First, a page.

Architects: Pysall. Ruge Architekten, Bartlomiej Kisielewski
Location: Krakow, Poland
Project team: Justus Pysall, Peter Ruge, Bartlomiej Kisielewski, Katarzyna Ratajczak, Mateusz Rataj, Alicja Kepka-Guerrero
Project area: 4,504 sqm
Project year: 2005 – 2010
Photographs: Jens Willebrand
The Muzeum Lotnictwa is one of the largest museums of aviation in the world. It is located in historically pre-served buildings and hangars of the former historic airfield of Rakowice-Cyzyny in Cracow, the first airfield on polish terrain, build in 1912 for the air fleet no. 7 of the Austrian-Hungarian Empire.
In 2005 a competition was launched for the new main building – the first pan-European competition for archi-tects, after the accession of Poland to the EU, to be won and realised by a German architect.
The idea of flying, the spirit of the place, the structure of the historic airfield – the new building for the Museum of Aviation takes up these references intellectually and synthesises them into an expressive and emblematic structure. The old hangars set the modular scale for the footprint (60×60 m) and the height (12m) for the new building.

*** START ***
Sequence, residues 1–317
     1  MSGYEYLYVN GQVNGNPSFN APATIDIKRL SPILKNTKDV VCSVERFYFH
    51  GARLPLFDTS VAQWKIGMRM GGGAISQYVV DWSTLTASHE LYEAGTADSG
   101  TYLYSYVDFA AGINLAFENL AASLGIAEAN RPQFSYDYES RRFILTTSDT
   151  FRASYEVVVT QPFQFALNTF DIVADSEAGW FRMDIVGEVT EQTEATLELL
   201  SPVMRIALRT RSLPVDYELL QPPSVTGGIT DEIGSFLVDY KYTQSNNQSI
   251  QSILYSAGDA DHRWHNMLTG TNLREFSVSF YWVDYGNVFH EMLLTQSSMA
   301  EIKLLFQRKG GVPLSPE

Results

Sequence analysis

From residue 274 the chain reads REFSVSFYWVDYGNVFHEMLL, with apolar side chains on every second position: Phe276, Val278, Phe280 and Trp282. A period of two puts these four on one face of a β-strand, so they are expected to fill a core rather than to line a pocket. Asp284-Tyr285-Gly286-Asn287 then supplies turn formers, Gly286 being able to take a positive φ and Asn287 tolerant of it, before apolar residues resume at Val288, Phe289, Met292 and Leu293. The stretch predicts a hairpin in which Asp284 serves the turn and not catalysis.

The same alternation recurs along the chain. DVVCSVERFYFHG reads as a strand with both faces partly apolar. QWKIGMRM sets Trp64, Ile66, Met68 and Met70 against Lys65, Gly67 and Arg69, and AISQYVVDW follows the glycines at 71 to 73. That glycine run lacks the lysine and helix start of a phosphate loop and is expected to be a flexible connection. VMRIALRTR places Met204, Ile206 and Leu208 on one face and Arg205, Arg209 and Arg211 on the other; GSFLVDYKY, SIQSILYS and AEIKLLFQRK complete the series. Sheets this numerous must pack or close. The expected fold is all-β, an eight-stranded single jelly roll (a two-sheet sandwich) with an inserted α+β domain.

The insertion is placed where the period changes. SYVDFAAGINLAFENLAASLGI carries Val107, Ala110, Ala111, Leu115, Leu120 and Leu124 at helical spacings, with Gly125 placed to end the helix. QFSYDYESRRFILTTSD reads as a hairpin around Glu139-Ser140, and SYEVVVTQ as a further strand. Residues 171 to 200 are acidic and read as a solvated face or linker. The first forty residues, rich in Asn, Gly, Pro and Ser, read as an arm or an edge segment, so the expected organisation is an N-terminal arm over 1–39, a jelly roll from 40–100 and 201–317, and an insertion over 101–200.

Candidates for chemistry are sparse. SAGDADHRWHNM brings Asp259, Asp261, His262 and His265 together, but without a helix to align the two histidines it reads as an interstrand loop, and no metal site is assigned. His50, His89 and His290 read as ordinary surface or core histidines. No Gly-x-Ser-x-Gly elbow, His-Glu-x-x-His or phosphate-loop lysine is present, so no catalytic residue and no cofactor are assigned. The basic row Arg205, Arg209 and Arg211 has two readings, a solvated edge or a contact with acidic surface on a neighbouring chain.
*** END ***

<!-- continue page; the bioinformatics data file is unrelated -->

Developed from this modular scale – cut out and folded, as if made like a paper airplane, a large structure has arisen – triangular wings made of concrete and yet as light as a wind-vane or propeller. Size and orientation of the wings got developed out of three different functions. 4500sqm usable area on three floors is for disposition now. Intertwining spaces provide good orientation for the visitor.
Entering the building one has the choice to go into the education wing with a voluminous 3D-cinema or directly into the exhibition area with the planes. The wings are generously glazed, opening in all directions. The exhibi-tion thus links visually with the landscape around it and offers a view of the apron and the planes on display outdoors. The airplanes in the North wing seem by no means enclosed, but rather to have been placed in shelter, ready to roll out onto the runway at any time. The first floor is occupied with the conference room seating 150 people, a bibliotheca, a multimedia section and a restaurant with bar over viewing the exhibition.
The offices for administration are in the second floor offering views towards the park, into the exhibition or through bull’s eye windows onto the former airfield.
The new museum for aviation appears not as a “house” – it yields a subtle functionally expressive architectural sculpture.